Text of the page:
BMR and TDEE aren't precisely the same, even though they both provide you with the number of calories your body requires. The term BMR stands for basal metabolic rate (basal means forming or belonging to a bottom layer or base). Total daily energy expenditure is referred to as TDEE. The minimum number of calories required to maintain life is known as BMR. It is the energy your body need to keep your heart beating, circulation running smoothly, lungs, brain, and other essential organs functioning, as well as to maintain a healthy body temperature. TDEE, on the other hand, is the amount of calories you burn each day to go about your everyday activities as well as to sustain life (including exercise). And in order to calculate your TDEE, you must first determine your BMR. Once you are aware of your TDEE, you can then determine an appropriate calorie deficit target.

Using TDEE to Lose Weight

All you have to do is make sure your calorie intake is less than that amount after you know your BMR and TDEE! Therefore, if your TDEE is 2,200 calories per day, you must consume fewer calories in order to experience "weight loss". The size of your daily deficit determines how quickly you lose it. In general, a pound contains roughly 3,500 calories. Most dieticians advise eating a calorie deficit of 500–1,000 per day if you're trying to lose weight. Being consistent is more important than losing weight as quickly as possible. The tortoise strategy typically outperforms the hare attitude when you require motivation over a prolonged period of time (like a weight loss quest). In light of a TDEE of 2,200, you would be eating at a 500 calorie deficit if you aimed for 1,700 calories a day. You would lose about 1 pound every week at this rate. Follow this shortfall and track your weight loss to see if you lose roughly a pound every week to verify the accuracy of your TDEE. If not, you might be estimating your BMR or TDEE multiplier incorrectly or incorrectly.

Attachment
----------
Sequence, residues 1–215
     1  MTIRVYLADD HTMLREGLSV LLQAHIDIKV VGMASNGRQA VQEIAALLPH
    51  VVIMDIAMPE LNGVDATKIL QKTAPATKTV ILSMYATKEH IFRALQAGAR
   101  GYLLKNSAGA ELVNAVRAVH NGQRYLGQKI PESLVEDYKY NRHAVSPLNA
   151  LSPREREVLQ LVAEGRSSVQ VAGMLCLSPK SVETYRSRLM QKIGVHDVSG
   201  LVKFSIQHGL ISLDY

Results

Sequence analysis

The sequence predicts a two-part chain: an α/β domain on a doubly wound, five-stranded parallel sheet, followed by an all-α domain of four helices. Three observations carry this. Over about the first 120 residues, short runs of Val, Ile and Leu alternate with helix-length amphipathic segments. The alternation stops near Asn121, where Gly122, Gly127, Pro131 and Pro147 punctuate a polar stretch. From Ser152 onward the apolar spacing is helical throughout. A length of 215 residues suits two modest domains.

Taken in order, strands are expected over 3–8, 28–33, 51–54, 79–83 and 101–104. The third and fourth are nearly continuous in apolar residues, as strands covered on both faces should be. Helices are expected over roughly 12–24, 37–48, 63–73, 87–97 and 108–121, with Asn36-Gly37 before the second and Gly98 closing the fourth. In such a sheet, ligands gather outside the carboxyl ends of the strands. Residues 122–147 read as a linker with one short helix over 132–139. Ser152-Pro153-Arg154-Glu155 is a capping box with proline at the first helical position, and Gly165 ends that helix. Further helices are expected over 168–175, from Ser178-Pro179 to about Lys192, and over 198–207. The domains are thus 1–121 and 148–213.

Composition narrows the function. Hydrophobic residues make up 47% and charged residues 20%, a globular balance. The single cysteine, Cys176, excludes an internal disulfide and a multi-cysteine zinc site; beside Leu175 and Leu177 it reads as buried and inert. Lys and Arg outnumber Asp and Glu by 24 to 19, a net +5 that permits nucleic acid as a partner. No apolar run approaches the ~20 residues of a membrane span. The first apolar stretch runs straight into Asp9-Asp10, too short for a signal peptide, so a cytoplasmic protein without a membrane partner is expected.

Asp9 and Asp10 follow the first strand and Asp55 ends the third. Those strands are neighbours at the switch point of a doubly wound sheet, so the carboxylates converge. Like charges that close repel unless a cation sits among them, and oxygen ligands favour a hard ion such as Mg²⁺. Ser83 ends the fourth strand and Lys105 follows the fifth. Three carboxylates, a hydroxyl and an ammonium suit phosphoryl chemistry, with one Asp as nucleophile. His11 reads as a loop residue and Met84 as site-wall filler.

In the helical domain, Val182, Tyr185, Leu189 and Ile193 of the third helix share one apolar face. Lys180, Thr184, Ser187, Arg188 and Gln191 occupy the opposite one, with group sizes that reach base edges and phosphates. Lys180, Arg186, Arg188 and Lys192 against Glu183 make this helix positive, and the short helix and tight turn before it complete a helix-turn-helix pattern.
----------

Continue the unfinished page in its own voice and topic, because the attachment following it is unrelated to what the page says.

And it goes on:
Factors Affecting Energy Expenditure

Your daily calorie expenditure is as unique as you are. Everybody burns calories at a different rate every day. You can build a plan for achieving your objective, whether it be maintaining, gaining, or reducing weight, by using calculators and formulas to make your best estimations. Your age, activity level, body composition, size, weight, whether you have any diseases or illnesses, hormones, and heredity are all factors that determine how much energy you waste. Your TDEE may drop as you become older, have a higher body fat percentage compared to your muscle mass, lose weight, lead a sedentary lifestyle, have a slower metabolism, or have genetic predispositions.

How to Increase Daily Energy Expenditure?

Include extra physical exercise throughout your day to increase your daily energy expenditure. Given that the majority of important TDEE components, like your BMR, are beyond of your control, engaging in physical activity is the simplest approach to alter your TDEE. Specifically scheduled exercise and adding more movement to your day by walking more and sitting less are two short-term techniques for raising your TDEE. Long-term approaches include increasing your muscle mass, cutting down on dieting time, which can slow your metabolism, and consuming a nourishing diet richer in protein. Making an effort to exercise more throughout the day will also help you burn more calories each day. Simple actions like lugging your items farther or using the stairs could count as this.